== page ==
Conversations LIVE: Ask me anything with Stephen Elop (Recap)
Since the announcement last September that Microsoft would be purchasing Nokia’s mobile phone division, there have been many questions swirling around as to what this will mean for the future of both companies. Earlier today, Nokia Conversations hosted a Q&A session with Nokia’s former CEO, Stephen Elop, in an attempt to answer these questions from Nokia’s devoted fans. This comes just days after purchase was finalized, transforming it into Microsoft Mobile Oy. For those of you who missed it, here are some highlights.
Rebranding Nokia Oyj
One of the newest developments that surfaced just days before was that Microsoft would phase out Nokia’s brand name and instead be referred to as Microsoft Mobile Oy. While it was clear that current Nokia devices would remain under the current brand name, there were questions as to whether or not Microsoft would continue to use it going forward with new devices. According to Elop, “Nokia as a brand will not be used for long going forward for smartphones.” He states that they are working on selecting the new brand name, as “Microsoft Mobile Oy is a legal construct that was created to facilitate the merger.” He couldn’t share precise details, but assures us that they are working on a brand that rolls off the tongue much better than the “Nokia Lumia 1020 with Windows Phone on the AT&T LTE Network”. But really, who even says that?
Pace of Innovation
One of the benefits that comes with Microsoft absorbing Nokia’s talent is that it will allow Windows Phone to grow even faster. “By combining with MSFT,” says Elop, “we will each be able to innovate together in ways that we could not as separate companies.” This will alleviate any inconsistencies in both hardware and software that became apparent with the previous partnership between the companies. Microsoft would push an update to try and keep up with Nokia’s pace, adding support for higher resolution screens and cameras, and Nokia would follow shortly after with their own update (i.e. Amber, Black, Cyan), providing users with even more useful software goodies to improve the overall experience. Now Microsoft has access to all of that, giving them the ability to push advance software to all Windows Phone devices going forward. Elop addressed this when questioned about the Lumia 1020’s lack of a dedicated camera processing unit (such as that found in the 808 PureView). “We could have gone further if the engineering teams between MSFT and Nokia were not in separate companies. As we come together, innovation will be able to move faster.” This includes Nokia’s imaging prowess.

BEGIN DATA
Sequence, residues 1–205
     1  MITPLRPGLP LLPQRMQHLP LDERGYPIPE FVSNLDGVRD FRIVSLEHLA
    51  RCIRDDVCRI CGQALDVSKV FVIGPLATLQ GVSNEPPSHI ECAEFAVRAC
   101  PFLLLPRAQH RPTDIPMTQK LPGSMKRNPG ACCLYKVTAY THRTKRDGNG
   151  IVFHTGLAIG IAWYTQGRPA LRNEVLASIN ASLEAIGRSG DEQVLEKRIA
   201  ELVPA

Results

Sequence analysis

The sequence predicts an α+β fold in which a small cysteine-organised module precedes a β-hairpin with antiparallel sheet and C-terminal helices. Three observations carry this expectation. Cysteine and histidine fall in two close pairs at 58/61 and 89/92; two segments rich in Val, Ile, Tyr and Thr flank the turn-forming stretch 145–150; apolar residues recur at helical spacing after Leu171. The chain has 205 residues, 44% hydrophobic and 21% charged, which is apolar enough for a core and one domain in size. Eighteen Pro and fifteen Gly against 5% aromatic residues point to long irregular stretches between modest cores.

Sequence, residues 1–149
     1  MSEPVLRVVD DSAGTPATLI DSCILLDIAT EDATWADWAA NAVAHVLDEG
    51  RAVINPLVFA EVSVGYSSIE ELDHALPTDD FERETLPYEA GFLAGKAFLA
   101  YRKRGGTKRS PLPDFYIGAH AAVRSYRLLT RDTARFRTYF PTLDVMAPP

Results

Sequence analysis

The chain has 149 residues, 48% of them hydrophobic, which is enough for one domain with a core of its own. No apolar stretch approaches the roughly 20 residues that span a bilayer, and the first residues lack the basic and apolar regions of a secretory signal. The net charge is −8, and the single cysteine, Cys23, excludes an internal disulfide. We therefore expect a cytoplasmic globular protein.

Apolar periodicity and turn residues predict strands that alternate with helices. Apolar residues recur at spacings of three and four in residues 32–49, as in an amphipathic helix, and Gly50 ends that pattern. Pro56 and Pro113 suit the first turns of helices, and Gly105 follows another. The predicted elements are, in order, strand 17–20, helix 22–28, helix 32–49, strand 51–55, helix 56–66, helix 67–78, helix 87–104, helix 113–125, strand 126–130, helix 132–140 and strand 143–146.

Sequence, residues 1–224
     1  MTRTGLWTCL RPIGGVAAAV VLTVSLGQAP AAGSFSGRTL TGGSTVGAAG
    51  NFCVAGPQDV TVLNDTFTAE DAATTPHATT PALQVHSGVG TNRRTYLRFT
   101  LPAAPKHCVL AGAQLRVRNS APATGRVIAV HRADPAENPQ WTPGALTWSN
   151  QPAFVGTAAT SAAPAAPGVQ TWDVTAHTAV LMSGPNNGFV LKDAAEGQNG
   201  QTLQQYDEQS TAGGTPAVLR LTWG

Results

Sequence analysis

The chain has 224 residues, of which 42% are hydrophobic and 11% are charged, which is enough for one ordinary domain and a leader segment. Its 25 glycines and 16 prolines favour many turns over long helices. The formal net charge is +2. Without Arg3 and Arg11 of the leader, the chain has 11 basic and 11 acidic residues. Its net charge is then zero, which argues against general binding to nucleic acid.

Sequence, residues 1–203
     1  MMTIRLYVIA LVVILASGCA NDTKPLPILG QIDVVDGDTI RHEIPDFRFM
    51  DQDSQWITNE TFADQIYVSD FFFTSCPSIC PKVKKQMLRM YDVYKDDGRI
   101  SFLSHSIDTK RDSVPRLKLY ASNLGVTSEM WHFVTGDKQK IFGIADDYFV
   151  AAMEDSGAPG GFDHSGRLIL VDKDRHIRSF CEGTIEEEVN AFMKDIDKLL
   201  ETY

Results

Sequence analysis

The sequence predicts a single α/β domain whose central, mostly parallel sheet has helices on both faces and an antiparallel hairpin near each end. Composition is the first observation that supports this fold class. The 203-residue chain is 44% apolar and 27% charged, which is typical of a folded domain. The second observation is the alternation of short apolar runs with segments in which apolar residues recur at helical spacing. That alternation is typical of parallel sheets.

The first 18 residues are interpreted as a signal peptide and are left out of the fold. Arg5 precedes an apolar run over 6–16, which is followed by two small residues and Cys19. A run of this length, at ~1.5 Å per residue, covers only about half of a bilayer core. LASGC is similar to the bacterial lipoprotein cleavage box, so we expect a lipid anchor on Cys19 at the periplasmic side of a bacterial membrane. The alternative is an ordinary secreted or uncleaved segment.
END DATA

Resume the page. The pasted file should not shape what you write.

“This is a great opportunity to connect new customers…”
A couple months ago, the Nokia X family was unveiled at Mobile World Congress, the first Nokia devices to run (a form of) Android OS. It was a bold, yet somewhat confusing move for a company that was in the midst of being sucked into Microsoft, a direct competitor to Google’s operating system. As Elop explains, the Nokia X family will continue to be supported by Microsoft “to help connect the next billion people to Microsoft’s services.” This is due to Nokia’s own forked version of Android allowing them to get away with leaving Google out of the picture and filling the OS with Nokia and Microsoft services such as Outlook.com, Skype, OneDrive, and others. Elop assures that Nokia’s decision to adopt Android was a good one, allowing them to attack a specific market “in a way that accrues benefit to Microsoft and to Lumia.”